Over 25 million infants missed out on life-saving vaccines, as global childhood vaccination recorded its largest decline in about 30 years, the World Health Organization and UNICEF said, sounding a red alert on children’s health.

The percentage of children who received three doses of the vaccine against diphtheria, tetanus, and pertussis (DTP3) — a marker for immunisation coverage within and across countries — fell five percentage points between 2019 and 2021 to 81 per cent, they said in a joint communication.

As a result, 25 million children missed out on one or more doses of DTP through routine immunisation services in 2021 alone. This was two million more than those who missed out in 2020 and six million more than in 2019, the UN agencies said, highlighting the growing number of children at risk from preventable diseases.

Reasons for decline

“The decline was due to many factors including an increased number of children living in conflict and fragile settings where immunisation access is often challenging, increased misinformation and Covid-19-related issues such as service and supply chain disruptions, resource diversion to response efforts, and containment measures that limited immunisation service access and availability,” they explained.

This historic backsliding in rates of immunisation is happening against a backdrop of rapidly rising rates of severe acute malnutrition.

“A malnourished child already has weakened immunity and missed vaccinations can mean common childhood illnesses quickly become lethal to them. The convergence of a hunger crisis with a growing immunisation gap threatens to create the conditions for a child survival crisis,” the note cautioned.

“This is a red alert for child health. We are witnessing the largest sustained drop in childhood immunisation in a generation. The consequences will be measured in lives,” said Catherine Russell, UNICEF’s Executive Director.

“While a pandemic hangover was expected last year as a result of Covid-19 disruptions and lockdowns, what we are seeing now is a continued decline. Covid-19 is not an excuse. We need immunisation catch-ups for the missing millions or we will inevitably witness more outbreaks, more sick children and greater pressure on already strained health systems,” she added. Backslide in immunisations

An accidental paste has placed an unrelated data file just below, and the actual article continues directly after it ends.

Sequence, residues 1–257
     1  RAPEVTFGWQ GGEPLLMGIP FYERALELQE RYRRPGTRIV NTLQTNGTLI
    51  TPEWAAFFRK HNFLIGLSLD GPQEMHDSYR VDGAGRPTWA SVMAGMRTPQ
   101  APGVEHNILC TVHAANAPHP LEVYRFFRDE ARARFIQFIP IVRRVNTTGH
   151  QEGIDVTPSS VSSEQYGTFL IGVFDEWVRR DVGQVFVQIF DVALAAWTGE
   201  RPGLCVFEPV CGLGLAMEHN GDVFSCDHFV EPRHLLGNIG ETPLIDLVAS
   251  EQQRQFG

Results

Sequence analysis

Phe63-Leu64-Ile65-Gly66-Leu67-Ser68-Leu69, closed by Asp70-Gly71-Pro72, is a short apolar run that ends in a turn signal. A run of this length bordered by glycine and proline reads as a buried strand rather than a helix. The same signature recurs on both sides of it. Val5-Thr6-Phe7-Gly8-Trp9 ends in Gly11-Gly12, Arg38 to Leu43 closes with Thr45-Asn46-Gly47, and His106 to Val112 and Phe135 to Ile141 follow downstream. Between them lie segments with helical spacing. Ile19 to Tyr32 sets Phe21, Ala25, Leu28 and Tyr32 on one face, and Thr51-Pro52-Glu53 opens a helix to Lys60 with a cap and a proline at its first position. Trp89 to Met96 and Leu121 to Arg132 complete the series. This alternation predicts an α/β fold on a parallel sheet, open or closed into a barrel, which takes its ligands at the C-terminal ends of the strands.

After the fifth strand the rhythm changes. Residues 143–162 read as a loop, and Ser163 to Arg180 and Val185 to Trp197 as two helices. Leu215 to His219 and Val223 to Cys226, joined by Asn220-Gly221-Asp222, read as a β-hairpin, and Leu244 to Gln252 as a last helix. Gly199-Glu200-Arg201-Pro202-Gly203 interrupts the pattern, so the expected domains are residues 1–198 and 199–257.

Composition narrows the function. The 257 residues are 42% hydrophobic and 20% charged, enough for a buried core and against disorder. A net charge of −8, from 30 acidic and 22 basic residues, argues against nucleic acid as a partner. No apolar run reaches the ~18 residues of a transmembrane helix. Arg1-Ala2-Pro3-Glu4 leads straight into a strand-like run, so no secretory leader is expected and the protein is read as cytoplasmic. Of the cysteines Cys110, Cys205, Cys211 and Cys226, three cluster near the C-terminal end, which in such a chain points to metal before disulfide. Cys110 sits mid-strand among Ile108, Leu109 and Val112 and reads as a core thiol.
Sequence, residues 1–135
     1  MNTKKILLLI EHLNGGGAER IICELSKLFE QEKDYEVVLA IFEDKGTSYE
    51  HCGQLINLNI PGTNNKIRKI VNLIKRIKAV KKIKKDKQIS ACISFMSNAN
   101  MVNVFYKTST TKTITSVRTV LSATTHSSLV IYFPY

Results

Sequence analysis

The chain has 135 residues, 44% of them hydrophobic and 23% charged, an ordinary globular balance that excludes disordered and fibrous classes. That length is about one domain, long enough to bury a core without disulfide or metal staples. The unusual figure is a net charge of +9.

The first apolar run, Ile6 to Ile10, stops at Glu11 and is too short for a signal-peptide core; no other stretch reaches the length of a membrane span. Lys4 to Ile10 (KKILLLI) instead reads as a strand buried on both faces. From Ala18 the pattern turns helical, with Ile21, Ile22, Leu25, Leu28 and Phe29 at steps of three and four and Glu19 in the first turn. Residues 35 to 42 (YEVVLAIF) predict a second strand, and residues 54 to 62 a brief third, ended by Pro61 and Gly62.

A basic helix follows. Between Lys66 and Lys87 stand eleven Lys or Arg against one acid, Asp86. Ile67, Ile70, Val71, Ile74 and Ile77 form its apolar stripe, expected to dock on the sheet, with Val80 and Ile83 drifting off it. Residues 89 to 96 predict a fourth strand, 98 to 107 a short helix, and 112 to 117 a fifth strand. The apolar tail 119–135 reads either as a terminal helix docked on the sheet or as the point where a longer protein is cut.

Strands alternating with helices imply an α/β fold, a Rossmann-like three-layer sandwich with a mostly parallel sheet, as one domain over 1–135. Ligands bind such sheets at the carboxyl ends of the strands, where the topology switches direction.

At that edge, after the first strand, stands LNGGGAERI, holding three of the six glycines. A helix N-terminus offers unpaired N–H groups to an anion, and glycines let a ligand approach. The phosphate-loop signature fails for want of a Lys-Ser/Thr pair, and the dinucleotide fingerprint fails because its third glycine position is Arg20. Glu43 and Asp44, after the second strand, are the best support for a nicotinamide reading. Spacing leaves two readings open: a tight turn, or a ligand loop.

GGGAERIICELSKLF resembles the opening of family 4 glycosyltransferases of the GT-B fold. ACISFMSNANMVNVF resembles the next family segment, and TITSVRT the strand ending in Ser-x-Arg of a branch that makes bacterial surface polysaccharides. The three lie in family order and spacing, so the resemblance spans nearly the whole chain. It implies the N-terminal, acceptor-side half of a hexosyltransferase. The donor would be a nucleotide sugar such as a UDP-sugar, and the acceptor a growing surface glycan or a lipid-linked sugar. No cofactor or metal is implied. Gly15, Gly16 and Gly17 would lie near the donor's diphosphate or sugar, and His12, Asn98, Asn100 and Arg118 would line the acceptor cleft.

India among worst affected

About 18 million of the 25 million children who did not receive a DTP dose during the year — were largely from low- and middle-income countries, with India, Nigeria, Indonesia, Ethiopia, and the Philippines recording the highest numbers, they said.

First dose measles coverage dropped to 81 per cent in 2021, also the lowest level since 2008. This meant 24.7 million children missed their first measles dose in 2021, 5.3 million more than in 2019. A further 14.7 million did not receive their second dose.

Similarly, compared to 2019, 6.7 million more children missed the third dose of the polio vaccine and 3.5 million missed the first dose of the HPV vaccine — which protects girls against cervical cancer later in life, the agencies pointed out.

It was hoped that 2021 would be a year of recovery to catch up on immunisation missed in 2020.

Instead, DTP3 coverage was set back to its lowest level since 2008 which, along with declines in coverage for other basic vaccines, has pushed the world off its global targets including the immunisation indicators for the Sustainable Development Goals, the agencies said, calling for governments to undertake a monumental effort to catch-up on the universal coverage levels and prevent future pandemic outbreaks.